Moral of the Story?
All we have to do now is go back to our origins. Those who believe that gender fluidity is a new fad and is against our culture should read our epics carefully. Otherwise, stop pretending that you’re striving to preserve our culture, because it’s your hazy understanding of our all-pervading, welcoming culture that you’re undermining. We should not form an opinion or decimate it when we don’t possess the proper knowledge of it.
FACTS OF THE CASE
Transgender faced something which was a natural or biological process and not at all in their control to have it or let it go. Right from the beginning transgender faced biasness even when they were living in the country which has the world’s lengthiest constitution and is known for democracy and equality. It’s just unfortunate to say that transgender faced discrimination right from their birth to their profession, in hospital, in community, in schools and the list will go on. This discrimination, suffering, struggle eventually led to the application of the petition. Therefore, the case came before the court when a Public Interest Litigation was filed by the National Legal Services Authority followed by other petitioners as well.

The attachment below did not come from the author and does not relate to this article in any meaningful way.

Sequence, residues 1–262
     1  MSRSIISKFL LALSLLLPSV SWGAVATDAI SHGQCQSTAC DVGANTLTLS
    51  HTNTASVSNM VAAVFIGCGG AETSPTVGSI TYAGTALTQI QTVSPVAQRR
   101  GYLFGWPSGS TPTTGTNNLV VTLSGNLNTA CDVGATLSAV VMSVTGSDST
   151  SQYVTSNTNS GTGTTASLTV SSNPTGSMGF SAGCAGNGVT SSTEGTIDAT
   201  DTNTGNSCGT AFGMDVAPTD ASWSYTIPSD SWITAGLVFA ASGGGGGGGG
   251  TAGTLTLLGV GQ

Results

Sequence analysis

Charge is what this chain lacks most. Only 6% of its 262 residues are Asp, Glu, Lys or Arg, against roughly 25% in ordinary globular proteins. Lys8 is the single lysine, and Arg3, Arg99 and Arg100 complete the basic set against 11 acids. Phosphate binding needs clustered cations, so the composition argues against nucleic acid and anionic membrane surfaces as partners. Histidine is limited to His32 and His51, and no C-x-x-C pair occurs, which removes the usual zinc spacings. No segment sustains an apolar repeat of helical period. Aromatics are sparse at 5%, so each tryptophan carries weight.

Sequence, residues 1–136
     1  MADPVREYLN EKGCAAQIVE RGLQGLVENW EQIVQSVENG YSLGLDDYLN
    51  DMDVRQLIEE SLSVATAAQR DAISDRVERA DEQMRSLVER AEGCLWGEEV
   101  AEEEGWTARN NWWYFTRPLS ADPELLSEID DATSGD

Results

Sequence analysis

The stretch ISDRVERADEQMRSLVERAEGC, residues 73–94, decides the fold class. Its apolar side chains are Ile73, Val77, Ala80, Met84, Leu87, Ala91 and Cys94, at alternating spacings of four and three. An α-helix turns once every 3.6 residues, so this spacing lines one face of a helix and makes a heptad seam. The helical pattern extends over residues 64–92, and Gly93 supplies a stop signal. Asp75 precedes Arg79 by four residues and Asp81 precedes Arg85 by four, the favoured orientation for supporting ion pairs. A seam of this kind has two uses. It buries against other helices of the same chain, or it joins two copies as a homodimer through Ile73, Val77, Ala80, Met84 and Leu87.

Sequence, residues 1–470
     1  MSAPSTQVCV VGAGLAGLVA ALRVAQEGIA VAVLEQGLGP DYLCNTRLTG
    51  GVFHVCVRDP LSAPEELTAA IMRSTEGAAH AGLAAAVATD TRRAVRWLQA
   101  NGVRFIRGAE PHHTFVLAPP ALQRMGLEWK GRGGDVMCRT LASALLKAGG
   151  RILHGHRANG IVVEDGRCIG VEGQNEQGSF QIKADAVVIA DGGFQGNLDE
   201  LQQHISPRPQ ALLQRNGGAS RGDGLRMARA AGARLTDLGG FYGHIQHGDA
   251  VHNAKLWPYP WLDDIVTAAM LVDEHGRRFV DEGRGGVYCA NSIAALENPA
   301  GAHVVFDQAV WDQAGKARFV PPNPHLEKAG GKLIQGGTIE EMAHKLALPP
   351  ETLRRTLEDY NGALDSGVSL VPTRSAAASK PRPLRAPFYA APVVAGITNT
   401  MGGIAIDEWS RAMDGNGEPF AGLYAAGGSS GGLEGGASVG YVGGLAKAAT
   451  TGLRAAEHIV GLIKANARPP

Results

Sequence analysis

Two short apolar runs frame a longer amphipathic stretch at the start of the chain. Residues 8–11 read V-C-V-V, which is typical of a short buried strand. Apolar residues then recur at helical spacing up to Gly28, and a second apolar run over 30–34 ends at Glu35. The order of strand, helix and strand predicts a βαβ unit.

VIOLATION OF LAWS IN THIS CASE